Tight vote sees Strathbogie back retention of January 26
Strathbogie Shire Council has resolved, by just a single vote, to keep celebrating Australia Day on January 26.
The councillors met for an extraordinary meeting on Tuesday, June 28 when they considered whether to maintain the council’s current role and support for conducting ceremonies on January 26 or to withdraw its formal support.
Councillors considered a report prepared after a period of engagement with the community and several community members spoke at the meeting.
The report indicated that 46 per cent of respondents voted to abandon January 26 for Australia Day celebrations, while 54 per cent voted to retain the date.
Twenty-nine written submissions were also received. Of those, 12 were in support of changing the date, six were in support of retaining it and 11 provided alternative views or information.
Council staff recommended the community feedback received be noted and that celebrations continue to be held on January 26 in 2023, but it also be acknowledged that some communities will choose not to undertake such events.
In addition, the recommendation also proposed using an independent consultant to undertake a detailed engagement process, but a motion put forward by Cr Chris Raeburn to remove that point was passed by four votes to three, meaning the engagement will not go ahead.
Cr Raeburn said Australia Day celebrations are a matter for higher levels of government, not shire councils.
“I truly believe, and this is what I believe at the moment is, things will change federally and that’s where I believe it should come from, not from the lower echelon of government,” he told the meeting.
“This should be a decision from the top echelon of government. So that’s the reason why I’ve gone with this tonight.”
Councillor David Andrews supported the motion retaining the current arrangements and not pursuing greater engagement with the community on the issue.
“It’s not an easy issue, but to put it simply, it is a national day and I think the council’s decisions should be driven by the federal government of the country,” he said.
Cr Reg Dickinson said Australia’s history can’t be changed and our national day’s celebrations should be more inclusive, but opposed the council abandoning January 26 for its celebration.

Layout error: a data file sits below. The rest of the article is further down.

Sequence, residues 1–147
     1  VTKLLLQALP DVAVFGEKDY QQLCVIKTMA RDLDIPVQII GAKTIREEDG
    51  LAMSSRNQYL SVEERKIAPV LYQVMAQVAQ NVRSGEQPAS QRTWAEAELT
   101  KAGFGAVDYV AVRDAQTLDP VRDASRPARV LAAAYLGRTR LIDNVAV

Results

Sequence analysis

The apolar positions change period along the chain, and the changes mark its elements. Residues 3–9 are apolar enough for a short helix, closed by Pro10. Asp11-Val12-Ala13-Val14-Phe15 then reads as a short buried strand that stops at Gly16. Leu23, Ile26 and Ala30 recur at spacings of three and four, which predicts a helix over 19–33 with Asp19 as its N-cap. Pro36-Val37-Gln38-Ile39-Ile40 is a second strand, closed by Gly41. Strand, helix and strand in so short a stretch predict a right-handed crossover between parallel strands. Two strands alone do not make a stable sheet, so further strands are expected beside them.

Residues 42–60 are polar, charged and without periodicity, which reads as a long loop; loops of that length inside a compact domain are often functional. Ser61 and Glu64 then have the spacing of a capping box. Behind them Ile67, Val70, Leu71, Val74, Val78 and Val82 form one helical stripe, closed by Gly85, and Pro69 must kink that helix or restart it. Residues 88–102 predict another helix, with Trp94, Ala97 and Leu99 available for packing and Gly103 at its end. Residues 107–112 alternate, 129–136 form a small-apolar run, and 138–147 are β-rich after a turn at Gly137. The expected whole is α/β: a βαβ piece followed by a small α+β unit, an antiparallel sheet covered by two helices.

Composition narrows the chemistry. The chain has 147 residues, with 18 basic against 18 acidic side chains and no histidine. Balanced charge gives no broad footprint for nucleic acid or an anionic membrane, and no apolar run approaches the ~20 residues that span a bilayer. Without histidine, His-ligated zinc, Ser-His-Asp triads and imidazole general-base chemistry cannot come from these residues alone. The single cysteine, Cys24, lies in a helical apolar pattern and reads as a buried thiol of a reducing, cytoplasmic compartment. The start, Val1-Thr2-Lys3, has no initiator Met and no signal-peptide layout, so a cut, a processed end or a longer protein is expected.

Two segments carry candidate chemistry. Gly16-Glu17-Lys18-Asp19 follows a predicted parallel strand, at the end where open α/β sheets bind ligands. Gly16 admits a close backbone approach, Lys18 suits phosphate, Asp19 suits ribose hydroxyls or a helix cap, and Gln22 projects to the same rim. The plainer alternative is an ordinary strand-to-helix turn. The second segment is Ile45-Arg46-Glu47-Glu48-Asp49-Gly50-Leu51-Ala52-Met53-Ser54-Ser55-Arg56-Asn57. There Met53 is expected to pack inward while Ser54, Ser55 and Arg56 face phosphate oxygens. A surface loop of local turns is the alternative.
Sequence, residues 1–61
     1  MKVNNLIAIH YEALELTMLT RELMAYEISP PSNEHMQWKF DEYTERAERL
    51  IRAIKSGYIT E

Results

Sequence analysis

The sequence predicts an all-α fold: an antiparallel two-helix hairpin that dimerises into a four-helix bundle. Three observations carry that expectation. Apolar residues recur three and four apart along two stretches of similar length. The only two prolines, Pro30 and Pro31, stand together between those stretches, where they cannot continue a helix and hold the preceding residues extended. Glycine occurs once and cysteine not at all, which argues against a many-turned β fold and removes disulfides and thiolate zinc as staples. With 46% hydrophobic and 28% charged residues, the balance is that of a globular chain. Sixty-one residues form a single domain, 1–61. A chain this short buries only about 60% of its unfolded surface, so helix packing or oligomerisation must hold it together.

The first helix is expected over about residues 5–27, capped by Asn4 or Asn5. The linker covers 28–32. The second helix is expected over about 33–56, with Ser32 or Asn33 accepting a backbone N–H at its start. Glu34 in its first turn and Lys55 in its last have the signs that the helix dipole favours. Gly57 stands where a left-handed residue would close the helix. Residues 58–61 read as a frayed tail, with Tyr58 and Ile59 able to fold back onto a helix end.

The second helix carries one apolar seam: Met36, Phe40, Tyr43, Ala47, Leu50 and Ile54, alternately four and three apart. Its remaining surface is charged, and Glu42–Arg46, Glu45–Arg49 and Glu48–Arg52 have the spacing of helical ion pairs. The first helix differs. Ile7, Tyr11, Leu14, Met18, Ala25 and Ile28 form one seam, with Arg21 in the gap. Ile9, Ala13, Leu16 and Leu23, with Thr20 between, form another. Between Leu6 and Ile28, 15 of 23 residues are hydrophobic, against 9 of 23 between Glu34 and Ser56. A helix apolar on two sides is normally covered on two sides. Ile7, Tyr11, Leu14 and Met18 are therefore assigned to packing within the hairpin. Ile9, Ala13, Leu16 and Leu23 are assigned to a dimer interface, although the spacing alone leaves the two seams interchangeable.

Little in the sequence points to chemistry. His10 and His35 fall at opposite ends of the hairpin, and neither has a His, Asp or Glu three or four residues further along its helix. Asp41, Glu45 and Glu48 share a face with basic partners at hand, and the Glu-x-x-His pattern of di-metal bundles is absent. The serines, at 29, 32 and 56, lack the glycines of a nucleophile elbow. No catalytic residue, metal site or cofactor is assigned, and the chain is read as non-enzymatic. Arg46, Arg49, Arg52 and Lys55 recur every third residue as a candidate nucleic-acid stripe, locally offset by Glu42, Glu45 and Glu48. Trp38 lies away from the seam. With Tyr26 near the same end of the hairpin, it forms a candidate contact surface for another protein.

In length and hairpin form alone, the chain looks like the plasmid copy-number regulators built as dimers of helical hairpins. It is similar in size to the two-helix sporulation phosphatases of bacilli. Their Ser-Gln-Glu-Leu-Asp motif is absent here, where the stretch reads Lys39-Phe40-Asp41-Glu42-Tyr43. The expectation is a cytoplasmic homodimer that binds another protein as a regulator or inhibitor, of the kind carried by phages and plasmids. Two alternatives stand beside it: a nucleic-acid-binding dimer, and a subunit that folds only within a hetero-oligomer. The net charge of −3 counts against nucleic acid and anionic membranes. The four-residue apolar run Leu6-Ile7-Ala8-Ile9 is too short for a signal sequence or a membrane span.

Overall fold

“By dispensing with Australia Day, this council could be seen as ignoring history,” he said.
Cr Sally Hayes-Burke, though, spoke strongly against retaining the date and became emotional when addressing the motion.
“I guess I’m saddened my fellow councillors don’t want to embark on this journey to have the truth told because I think it’s important for this council, it’s important for this nation and it’s important at all levels of government,” she said.
Cr Hayes-Burke also quoted Matt Burns, CEO of the Taungurung Land and Waters Council, and member of the First Peoples’ Assembly of Victoria, as saying January 26 “...celebrates the suppression of Taungurung language and culture, the incarceration and genocide of our people and it’s the annual reminder of the dispossession of our people...”
Cr Paul Murray also admitted to being emotional over the issue, describing the motion as a “very bad move” and saying the conversation must continue.
He said, instead, Cr Raeburn’s motion aimed to end that discussion.
“It actually cuts the story off,” he said. “It says we’re going to do exactly what we did in the past and we’re going to do it all the way in the future.”
Cr Kristy Hourigan said she was yet to form an opinion on the merits of celebrating on January 26, but pointed out that the motion only addressed plans for 2023.
“The good part about the recommendation is that it doesn’t talk about how we celebrate it in 2024 or 2025 or 2026, and so for me that opens up the time for learning, for education, for our community to think about it,” she said.
Cr Hourigan was among those councillors to vote for the motion, along with Crs Raeburn, Dickinson and Andrews.
Crs Hayes-Burke, Murray and mayor Laura Binks voted against it.
Mayor Binks thanked the community for their contributions during the engagement process, which she said resulted in robust conversations around a complex issue.
“Council’s aim by opening up the conversation around traditional Australia Day celebrations was to be inclusive, respectful, and to recognise the significance of the day to Aboriginal and Torres Strait Islander Australians, in line with our Memorandum of Understanding with the Taungurung Land and Waters Council,” she said.